Maybe you’re looking for another radio station, or yelling at the kids in the back of your minivan, but suddenly, a loud beep-beep grabs your attention. You’ve inadvertently begun to drift across the double yellow line – and your lane departure warning system has sounded a warning.
The technology, which uses an intelligent vision system, has become increasingly common on high-line products from makers like Infiniti, BMW and Mercedes-Benz. Some luxury makers, such as Lexus, even allow the system to automatically a car back into its lane.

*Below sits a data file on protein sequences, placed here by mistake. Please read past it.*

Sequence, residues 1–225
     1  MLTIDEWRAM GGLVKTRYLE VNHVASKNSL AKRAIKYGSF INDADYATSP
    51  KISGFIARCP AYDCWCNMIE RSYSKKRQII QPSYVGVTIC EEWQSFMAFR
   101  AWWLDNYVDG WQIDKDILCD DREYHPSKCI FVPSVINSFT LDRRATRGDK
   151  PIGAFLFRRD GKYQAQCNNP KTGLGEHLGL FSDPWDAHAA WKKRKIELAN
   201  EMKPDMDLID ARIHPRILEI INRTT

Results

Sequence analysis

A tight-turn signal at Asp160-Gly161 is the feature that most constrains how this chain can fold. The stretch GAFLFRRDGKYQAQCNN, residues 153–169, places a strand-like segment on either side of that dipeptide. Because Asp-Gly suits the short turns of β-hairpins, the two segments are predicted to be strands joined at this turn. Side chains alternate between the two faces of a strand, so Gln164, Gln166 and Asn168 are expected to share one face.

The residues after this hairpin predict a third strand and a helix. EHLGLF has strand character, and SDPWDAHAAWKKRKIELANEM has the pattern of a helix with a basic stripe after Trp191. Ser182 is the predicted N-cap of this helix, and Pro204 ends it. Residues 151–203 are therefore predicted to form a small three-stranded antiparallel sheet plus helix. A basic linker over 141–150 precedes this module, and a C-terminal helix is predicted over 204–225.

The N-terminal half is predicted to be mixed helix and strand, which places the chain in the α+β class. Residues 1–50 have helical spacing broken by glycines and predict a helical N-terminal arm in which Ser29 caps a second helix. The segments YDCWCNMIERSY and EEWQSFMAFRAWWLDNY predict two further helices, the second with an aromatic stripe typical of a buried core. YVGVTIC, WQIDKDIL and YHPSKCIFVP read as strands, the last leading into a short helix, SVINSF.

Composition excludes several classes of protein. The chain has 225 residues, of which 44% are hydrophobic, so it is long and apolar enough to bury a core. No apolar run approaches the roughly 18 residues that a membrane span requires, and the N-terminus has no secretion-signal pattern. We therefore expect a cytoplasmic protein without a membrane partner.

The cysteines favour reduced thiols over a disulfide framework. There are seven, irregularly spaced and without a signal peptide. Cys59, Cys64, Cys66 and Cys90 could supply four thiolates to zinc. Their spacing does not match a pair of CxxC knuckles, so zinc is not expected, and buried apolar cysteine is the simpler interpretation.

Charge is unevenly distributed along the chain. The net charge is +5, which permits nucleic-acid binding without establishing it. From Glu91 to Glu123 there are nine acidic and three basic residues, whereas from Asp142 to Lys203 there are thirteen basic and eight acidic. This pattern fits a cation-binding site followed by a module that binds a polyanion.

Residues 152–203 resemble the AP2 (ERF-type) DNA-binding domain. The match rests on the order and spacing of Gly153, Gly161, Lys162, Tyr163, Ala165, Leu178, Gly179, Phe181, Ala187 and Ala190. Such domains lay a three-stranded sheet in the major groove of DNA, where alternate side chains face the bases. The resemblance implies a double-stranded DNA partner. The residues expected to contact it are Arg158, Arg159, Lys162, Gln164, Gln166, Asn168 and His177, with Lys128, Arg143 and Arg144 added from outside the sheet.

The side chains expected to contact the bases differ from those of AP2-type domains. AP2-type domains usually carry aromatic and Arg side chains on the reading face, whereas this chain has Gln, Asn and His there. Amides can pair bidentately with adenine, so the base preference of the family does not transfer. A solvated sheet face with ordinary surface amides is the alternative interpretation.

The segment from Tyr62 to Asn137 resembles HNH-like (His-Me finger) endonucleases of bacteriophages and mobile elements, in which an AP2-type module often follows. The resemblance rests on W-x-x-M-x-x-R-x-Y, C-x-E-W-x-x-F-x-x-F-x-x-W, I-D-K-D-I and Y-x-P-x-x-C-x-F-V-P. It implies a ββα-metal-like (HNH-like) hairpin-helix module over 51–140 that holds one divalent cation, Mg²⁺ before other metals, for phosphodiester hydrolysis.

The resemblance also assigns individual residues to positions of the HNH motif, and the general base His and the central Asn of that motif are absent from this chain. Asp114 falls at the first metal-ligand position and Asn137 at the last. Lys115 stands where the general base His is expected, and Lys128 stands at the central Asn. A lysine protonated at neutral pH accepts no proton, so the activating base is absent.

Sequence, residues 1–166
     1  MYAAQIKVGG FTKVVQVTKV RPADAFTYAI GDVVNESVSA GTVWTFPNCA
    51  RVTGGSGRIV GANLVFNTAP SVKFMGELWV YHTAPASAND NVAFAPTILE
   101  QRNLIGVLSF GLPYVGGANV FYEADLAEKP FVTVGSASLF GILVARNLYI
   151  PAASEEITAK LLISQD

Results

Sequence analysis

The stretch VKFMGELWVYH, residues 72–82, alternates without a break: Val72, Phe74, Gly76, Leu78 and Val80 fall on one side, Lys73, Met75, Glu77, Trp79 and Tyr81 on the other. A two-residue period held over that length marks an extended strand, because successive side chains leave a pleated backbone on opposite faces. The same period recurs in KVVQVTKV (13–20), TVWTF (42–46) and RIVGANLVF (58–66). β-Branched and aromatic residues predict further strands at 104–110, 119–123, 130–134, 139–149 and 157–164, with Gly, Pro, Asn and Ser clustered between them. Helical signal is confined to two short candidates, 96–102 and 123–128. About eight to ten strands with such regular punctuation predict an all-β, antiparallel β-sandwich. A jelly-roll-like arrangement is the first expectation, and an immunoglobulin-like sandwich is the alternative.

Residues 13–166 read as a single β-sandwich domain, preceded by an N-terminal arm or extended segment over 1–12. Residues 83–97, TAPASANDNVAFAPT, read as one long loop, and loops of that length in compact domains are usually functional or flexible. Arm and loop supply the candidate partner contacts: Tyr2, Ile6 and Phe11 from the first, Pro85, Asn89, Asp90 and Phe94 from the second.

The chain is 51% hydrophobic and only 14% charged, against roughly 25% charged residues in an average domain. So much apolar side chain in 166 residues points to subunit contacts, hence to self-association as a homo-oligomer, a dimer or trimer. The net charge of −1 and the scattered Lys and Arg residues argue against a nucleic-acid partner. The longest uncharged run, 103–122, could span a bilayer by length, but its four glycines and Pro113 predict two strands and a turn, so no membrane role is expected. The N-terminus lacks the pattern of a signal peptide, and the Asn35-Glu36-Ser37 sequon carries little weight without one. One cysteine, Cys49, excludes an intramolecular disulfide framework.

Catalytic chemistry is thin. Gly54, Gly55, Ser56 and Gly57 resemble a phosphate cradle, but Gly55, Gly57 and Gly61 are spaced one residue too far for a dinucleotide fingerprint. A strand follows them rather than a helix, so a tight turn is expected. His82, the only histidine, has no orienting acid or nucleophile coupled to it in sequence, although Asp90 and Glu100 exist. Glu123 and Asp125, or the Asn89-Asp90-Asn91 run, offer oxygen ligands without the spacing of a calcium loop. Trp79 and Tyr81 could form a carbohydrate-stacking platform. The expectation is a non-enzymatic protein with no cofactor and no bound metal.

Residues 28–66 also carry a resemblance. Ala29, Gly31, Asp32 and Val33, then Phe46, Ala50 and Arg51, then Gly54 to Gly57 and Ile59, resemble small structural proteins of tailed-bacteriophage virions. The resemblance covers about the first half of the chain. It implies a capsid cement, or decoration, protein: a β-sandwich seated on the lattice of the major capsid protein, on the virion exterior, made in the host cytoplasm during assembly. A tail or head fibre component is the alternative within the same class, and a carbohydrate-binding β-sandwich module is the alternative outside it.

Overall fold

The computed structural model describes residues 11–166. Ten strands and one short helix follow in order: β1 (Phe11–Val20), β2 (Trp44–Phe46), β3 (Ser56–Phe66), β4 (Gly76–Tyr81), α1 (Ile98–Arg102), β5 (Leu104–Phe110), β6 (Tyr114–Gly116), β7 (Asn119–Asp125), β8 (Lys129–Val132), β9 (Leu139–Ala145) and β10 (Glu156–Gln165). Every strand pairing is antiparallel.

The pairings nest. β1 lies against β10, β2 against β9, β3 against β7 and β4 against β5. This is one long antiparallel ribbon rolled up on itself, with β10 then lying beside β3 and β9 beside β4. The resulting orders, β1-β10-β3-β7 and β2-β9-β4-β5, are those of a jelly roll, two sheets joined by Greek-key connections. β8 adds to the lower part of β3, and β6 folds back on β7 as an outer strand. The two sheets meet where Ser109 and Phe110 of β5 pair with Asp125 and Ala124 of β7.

Now, lane departure warning systems are following the path of other high-tech safety hardware, migrating downward into more mainstream offerings, notes a new study by ABI Research, which predicts that by 2016, lane departure warning technology could be a $14.3 billion line of business.
For 2011, the technology will migrate from models like the big Mercedes S-Class into the maker’s less-expensive C-Class. But Ford will begin offering a lane departure warning system in the decidedly mainstream 2011 Focus.
That fits the maker’s policy, which global marketing chief Jim Farley calls “democratizing technology.”